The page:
This story starts back in 1965, when Johnny Cash was hotter than a two-dollar pistol. He was playing everywhere from the Newport Folk Festival to the Grand Ole Opry, and was making friends with people like Bob Dylan and Peter LaFarge. He was singing the theme song from John Wayne’s new movie The Sons of Katie Elder, and was on the hit charts with “The Ballad of Ira Hayes.” His stage shows were something else: In addition to carrying the Statler Brothers and Mother Maybelle and the Carter Family, the show used a lot of mixed media. Part of it was the show’s climax, which Cash called “Ride This Train.” On it he showed a film of old railroad wrecks, hobo life, railroad yards, old stations, and the like; while this played, he sang his medley of classic train songs—“The Wreck of the Old 97,” “Casey Jones,” “Folsom Prison Blues.” And he always ended with “Orange Blossom Special,” which he sang and played on the harmonica. This last song had become so popular that he recorded it, releasing it on a single in February. It started climbing the charts, and eventually got to Number Three in the nation.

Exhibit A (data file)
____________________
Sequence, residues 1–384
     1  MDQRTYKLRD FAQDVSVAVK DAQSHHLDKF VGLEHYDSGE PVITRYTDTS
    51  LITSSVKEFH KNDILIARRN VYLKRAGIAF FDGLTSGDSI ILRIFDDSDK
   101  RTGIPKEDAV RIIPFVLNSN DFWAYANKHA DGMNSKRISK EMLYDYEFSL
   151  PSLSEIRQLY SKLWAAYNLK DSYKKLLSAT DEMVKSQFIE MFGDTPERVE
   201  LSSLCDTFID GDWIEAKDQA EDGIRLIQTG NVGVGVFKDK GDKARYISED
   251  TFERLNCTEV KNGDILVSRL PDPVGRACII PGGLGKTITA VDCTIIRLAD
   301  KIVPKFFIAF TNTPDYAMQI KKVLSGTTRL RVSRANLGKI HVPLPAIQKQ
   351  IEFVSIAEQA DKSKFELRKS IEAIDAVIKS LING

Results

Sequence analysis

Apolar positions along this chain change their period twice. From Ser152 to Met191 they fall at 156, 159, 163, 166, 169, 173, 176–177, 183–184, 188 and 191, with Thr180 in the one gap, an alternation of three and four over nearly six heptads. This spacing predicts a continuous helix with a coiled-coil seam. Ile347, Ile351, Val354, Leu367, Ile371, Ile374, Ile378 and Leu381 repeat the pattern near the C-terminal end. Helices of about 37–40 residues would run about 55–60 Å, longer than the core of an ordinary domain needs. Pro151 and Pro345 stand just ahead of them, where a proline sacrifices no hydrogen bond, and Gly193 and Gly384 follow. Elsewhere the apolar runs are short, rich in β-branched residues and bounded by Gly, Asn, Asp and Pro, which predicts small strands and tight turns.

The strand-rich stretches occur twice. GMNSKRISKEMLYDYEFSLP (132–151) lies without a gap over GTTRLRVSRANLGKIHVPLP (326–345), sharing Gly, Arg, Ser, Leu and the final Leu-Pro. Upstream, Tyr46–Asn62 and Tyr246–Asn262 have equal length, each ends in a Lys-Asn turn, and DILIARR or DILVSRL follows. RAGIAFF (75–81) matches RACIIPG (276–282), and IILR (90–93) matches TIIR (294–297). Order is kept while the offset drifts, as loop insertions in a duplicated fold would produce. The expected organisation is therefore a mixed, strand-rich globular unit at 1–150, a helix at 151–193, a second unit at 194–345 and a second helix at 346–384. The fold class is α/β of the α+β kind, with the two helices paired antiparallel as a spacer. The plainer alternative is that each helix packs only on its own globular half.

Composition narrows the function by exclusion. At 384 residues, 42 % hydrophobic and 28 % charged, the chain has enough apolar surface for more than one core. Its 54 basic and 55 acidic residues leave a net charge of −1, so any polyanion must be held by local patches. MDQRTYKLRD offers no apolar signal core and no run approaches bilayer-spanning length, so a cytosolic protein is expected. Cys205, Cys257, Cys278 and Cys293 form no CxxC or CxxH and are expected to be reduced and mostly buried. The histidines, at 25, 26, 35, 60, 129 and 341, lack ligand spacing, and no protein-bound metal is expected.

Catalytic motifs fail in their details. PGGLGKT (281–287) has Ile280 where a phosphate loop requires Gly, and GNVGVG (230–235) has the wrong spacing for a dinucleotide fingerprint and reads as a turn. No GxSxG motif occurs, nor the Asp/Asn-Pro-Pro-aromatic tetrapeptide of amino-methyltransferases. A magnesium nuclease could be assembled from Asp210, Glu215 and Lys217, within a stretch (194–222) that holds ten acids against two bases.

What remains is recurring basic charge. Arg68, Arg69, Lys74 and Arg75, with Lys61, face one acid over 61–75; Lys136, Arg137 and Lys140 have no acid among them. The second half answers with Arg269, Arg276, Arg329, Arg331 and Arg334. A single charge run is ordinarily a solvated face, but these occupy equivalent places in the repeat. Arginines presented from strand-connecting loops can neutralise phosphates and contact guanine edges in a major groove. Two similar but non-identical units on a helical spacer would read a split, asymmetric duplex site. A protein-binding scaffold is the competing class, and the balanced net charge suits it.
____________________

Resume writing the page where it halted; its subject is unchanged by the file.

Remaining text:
One evening in 1965 the Cash show found itself in Miami, playing for a sold-out crowd. During intermission a man walked quietly into Cash’s dressing room and stood with his hat in his hand waiting for the singer’s attention. Cash came over and found himself shaking hands with a stocky, well-built, white-headed man of over fifty years who introduced himself as Erwin Rouse. He lived in the swamps out in the Everglades, and he had traveled most of the day across the swamps in a special boat he had built call a swamp buggy. When he got to his sister’s house in Miami, he borrowed her bicycle to ride ten more miles to the concert. “A few years ago I wrote a few songs myself,” he told Cash, “but you probably never heard of them.” Intrigued, Cash asked the man to sit down; the name Rouse rang a faint bell. “Which songs did you write?” Cash asked point-blank. “Just a bunch of old tunes,” he replied. People coming up and claiming